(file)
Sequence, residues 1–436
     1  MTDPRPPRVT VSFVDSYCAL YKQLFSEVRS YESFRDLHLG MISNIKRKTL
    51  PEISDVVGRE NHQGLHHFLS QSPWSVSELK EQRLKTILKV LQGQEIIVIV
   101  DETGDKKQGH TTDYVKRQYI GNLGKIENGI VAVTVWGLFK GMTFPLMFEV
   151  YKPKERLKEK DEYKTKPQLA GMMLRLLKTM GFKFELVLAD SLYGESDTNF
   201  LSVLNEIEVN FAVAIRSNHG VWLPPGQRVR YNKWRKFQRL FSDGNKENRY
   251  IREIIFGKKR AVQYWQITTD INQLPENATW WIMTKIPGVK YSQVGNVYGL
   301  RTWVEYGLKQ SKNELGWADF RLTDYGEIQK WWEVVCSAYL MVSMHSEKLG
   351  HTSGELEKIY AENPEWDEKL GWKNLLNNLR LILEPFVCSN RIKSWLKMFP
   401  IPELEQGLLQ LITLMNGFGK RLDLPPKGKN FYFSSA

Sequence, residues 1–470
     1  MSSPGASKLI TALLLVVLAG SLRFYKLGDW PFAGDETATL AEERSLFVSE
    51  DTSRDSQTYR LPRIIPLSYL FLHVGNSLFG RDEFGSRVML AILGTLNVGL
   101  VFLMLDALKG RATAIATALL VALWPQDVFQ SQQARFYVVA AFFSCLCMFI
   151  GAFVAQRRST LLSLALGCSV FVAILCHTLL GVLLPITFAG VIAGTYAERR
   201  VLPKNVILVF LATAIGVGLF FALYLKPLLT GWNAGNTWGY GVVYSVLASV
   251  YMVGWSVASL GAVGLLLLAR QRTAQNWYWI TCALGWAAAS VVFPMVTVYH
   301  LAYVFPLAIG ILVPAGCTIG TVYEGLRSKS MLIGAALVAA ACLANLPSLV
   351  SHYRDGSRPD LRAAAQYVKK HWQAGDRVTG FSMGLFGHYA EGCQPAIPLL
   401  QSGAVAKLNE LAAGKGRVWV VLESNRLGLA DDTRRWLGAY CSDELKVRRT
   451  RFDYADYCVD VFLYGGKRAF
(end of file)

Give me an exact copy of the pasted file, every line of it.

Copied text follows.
Sequence, residues 1–436
     1  MTDPRPPRVT VSFVDSYCAL YKQLFSEVRS YESFRDLHLG MISNIKRKTL
    51  PEISDVVGRE NHQGLHHFLS QSPWSVSELK EQRLKTILKV LQGQEIIVIV
   101  DETGDKKQGH TTDYVKRQYI GNLGKIENGI VAVTVWGLFK GMTFPLMFEV
   151  YKPKERLKEK DEYKTKPQLA GMMLRLLKTM GFKFELVLAD SLYGESDTNF
   201  LSVLNEIEVN FAVAIRSNHG VWLPPGQRVR YNKWRKFQRL FSDGNKENRY
   251  IREIIFGKKR AVQYWQITTD INQLPENATW WIMTKIPGVK YSQVGNVYGL
   301  RTWVEYGLKQ SKNELGWADF RLTDYGEIQK WWEVVCSAYL MVSMHSEKLG
   351  HTSGELEKIY AENPEWDEKL GWKNLLNNLR LILEPFVCSN RIKSWLKMFP
   401  IPELEQGLLQ LITLMNGFGK RLDLPPKGKN FYFSSA

Sequence, residues 1–470
     1  MSSPGASKLI TALLLVVLAG SLRFYKLGDW PFAGDETATL AEERSLFVSE
    51  DTSRDSQTYR LPRIIPLSYL FLHVGNSLFG RDEFGSRVML AILGTLNVGL
   101  VFLMLDALKG RATAIATALL VALWPQDVFQ SQQARFYVVA AFFSCLCMFI
   151  GAFVAQRRST LLSLALGCSV FVAILCHTLL GVLLPITFAG VIAGTYAERR
   201  VLPKNVILVF LATAIGVGLF FALYLKPLLT GWNAGNTWGY GVVYSVLASV
   251  YMVGWSVASL GAVGLLLLAR QRTAQNWYWI TCALGWAAAS VVFPMVTVYH
   301  LAYVFPLAIG ILVPAGCTIG TVYEGLRSKS MLIGAALVAA ACLANLPSLV
   351  SHYRDGSRPD LRAAAQYVKK HWQAGDRVTG FSMGLFGHYA EGCQPAIPLL
   401  QSGAVAKLNE LAAGKGRVWV VLESNRLGLA DDTRRWLGAY CSDELKVRRT
   451  RFDYADYCVD VFLYGGKRAF